Dwight Howard met with the media Thursday afternoon. Still very early in training camp, the 6’10” Center spoke for nearly 30minutes on a range of topics, including what it takes to win a championship.
What Advice Would You Give a 26-year-old version of Yourself?
When asked what advice he would give his younger self, Howard gave a very well thought out answer. “The best advice is really just not taking any moment for granted and really embracing everyone on the team really embracing a winning culture,” said Howard who comes to Philadelphia after winning his first championship in the Orlando Bubble as a Laker. “I think I’ve always wanted to win, but just embracing the culture of winning,” said Howard, who was a near-instant superstar when joining the league in 2004. He continued, “You know where nothing matters except the goal of winning the championship, just embracing it. It’s something that I really would have just told my younger self.”
The NBA career. It goes by fast, so enjoy every little moment, every day. Everything counts. And this year, I really got a chance to see that every little moment, you know matters.
“The NBA career, it goes by fast, so enjoy every little moment, every day.” Said Howard, who reached an NBA final in 2009 with Orlando. “Everything counts. And this year, I really got a chance to see that every little moment, you know, matters.” continued Howard, who had faced some questions around commitment and focus earlier in his career.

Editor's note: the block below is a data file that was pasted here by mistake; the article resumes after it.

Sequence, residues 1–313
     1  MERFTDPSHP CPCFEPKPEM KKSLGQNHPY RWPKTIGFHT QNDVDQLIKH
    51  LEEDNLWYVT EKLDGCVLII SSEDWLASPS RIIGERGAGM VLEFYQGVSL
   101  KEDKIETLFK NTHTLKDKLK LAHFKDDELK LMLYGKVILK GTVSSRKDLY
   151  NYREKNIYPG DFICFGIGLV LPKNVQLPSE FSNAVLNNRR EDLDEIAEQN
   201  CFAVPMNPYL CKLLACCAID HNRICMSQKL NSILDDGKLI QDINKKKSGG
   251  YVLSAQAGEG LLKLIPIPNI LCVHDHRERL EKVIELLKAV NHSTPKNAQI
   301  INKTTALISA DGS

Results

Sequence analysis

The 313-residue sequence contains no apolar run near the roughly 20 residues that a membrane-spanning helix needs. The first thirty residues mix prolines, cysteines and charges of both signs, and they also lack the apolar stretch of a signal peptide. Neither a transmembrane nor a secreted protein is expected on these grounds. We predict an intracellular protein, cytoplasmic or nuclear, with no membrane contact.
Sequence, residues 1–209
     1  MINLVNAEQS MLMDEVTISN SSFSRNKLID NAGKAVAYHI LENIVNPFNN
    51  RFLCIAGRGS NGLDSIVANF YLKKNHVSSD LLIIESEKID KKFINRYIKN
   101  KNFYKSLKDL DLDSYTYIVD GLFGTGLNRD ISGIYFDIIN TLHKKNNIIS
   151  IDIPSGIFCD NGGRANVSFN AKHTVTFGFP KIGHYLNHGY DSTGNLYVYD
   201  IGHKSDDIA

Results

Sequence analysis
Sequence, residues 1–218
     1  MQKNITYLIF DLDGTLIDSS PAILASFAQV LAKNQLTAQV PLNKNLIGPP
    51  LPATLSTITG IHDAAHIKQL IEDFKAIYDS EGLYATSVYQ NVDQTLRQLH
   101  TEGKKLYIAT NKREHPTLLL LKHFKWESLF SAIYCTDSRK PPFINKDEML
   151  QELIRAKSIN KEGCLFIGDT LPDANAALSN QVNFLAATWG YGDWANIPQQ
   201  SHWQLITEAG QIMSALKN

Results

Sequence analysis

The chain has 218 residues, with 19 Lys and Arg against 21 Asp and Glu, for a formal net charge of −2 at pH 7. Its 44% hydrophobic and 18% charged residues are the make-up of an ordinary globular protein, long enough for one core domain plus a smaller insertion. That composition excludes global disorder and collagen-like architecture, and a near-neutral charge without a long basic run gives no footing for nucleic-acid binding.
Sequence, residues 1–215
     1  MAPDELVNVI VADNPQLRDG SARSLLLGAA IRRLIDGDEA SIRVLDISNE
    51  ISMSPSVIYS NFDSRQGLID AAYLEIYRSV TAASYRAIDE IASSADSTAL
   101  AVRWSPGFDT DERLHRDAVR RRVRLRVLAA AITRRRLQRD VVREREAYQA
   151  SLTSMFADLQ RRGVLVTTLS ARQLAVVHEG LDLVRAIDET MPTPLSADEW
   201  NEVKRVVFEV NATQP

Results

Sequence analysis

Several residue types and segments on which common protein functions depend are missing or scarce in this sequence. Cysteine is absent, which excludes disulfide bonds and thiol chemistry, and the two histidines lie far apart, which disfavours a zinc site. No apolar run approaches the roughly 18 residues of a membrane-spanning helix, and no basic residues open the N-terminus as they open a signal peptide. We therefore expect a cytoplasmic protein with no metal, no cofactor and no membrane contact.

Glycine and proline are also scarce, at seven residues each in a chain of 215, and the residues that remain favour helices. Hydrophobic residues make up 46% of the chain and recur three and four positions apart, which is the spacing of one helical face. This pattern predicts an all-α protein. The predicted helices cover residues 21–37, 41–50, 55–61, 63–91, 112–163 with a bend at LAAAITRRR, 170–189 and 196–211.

“I don’t take anything for granted with the young guys that we have. I can’t take any moment for granted. You never know what could happen in your NBA career.” Said Howard, who was reflective while also sharing wisdom, learned over 16 seasons in the NBA.
“And every moment you have to learn to be successful. And be around a great team in a great atmosphere. You have to stay in that moment. And hopefully, this year, those experiences that I’ve had, and also Danny (Green), Doc (Rivers), and some of the older vets know we can share that wisdom and knowledge to the younger guys.”
Howard said he does miss the fans in the arena. He said he takes the responsibility to impact someone who had never been to an NBA game before and might only see him play once, to heart. ” I will say that plan in front of fans is probably the best experience.” Said Howard, who went on. “For me, I always think it as some fans don’t get a chance” (to attend many games) “so they might not get a chance to see me play in person.”
Howard was reflective in saying, “What would be their last impression of me? Somebody who goes out there and gives it all out every single night or somebody worried about minutes shots to touches?” He continued, “how do I want to be remembered by that little kid? As a “Basketball player that wants to get to the next level, how would I be remembered?” Said Howard, “So that’s usually my motivation; I do appreciate the fans, even the boos, all of the talking trash. I think that kind of drives me to keep going forward.”